Introduction

Microbes recovered from hands can be divided into two categories: transient and resident organisms. Transient microorganisms tend to colonize the superficial layers of skin and while they are amenable to removal by washing hands with plain (i.e., non-antimicrobial) soap and water, they are responsible for most HAIs. Resident organisms are attached to deeper layers of the skin and while they are more resistant to removal, they are less likely to be associated with HAIs.

Hand surfaces harbor >150 unique bacterial phylotypes and as many as 4742 transient phylotypes have been identified. The number of resident and transient organisms on the hands of HCP vary greatly, yet it is often relatively constant for any one individual.1 It is also of note that the hands of HCP may become persistently colonized with transient pathogenic organisms (e.g., S. aureus, gram-negative bacilli, or yeast). HCP may acquire transient microorganisms during:

  1. contact with a patient’s intact skin (e.g., when taking a pulse or blood pressure),
  2. contact with nonintact skin and mucous membranes,
  3. direct contact with blood and other potentially infectious material (OPIM); and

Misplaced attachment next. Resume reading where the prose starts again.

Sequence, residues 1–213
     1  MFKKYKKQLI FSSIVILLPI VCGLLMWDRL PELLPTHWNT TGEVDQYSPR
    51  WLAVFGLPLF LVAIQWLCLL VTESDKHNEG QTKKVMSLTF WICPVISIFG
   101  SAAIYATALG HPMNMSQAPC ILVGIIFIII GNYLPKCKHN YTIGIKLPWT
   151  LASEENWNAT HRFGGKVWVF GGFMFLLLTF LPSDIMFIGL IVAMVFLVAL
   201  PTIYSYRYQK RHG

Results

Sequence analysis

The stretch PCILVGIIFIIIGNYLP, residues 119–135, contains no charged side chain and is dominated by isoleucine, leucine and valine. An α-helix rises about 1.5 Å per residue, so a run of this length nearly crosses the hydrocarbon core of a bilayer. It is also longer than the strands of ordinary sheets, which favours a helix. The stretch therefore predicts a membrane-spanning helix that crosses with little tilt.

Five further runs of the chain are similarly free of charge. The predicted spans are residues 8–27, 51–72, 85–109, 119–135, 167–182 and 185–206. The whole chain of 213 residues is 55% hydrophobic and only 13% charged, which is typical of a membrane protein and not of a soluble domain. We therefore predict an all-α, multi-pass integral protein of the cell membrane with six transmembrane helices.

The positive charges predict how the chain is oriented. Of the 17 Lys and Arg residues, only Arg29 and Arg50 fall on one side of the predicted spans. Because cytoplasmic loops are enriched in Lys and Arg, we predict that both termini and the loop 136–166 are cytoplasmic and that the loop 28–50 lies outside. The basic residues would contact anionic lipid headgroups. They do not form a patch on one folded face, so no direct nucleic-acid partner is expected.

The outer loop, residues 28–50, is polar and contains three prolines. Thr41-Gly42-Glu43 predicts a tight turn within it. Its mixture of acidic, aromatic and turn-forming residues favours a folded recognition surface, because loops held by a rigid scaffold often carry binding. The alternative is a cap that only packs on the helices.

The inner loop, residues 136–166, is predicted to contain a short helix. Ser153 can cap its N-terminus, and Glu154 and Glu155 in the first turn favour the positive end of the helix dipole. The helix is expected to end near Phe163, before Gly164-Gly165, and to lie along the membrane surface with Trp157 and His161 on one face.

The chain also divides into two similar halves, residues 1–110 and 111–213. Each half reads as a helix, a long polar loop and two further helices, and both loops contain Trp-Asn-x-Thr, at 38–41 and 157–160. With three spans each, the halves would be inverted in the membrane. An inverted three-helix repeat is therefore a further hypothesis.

4. contact with contaminated instruments, equipment, and environmental surfaces.

The transmission of healthcare-associated pathogens from one patient to another via the hands of HCP must meet 4 criteria:2,3

  • Organisms present on the patient’s skin or mucous membranes, or on contaminated instruments, equipment, and environmental surfaces must be transferred to the hands of HCP.
  • The organisms transferred must then be capable to survive for at least several minutes on the hands of HCP.
  • Hand hygiene by HCP must be inadequate or omitted entirely, or the agent used for hand hygiene is inappropriate.
  • The contaminated hands of HCP must come in direct contact with another patient, or with an inanimate object that will come into direct contact with the patient.

Standard Precautions mandate that HCP wear gloves.2-4 However, simply wearing gloves does not provide complete protection against cross-infection. Bacterial flora colonizing patients have been recovered from the hands of ≥30% of HCP who wore gloves during patient contact.5-9 Since pathogens can be transmitted via small defects in gloves or by contamination of the hands during glove removal, wearing gloves does not eliminate the need for appropriate hand hygiene practices.9-10

Excerpts published by the CDC in 2016 from the Guidelines for Infection Control in Dental Health-Care Settings – 2003 emphasize that oral HCP must perform hand hygiene with either a non-antimicrobial or an antimicrobial soap and water when hands are visibly soiled; otherwise, the preferred method of hand hygiene in clinical situations is with an alcohol-based handrub; and when performing surgical procedures oral HCP must perform surgical hand antisepsis.3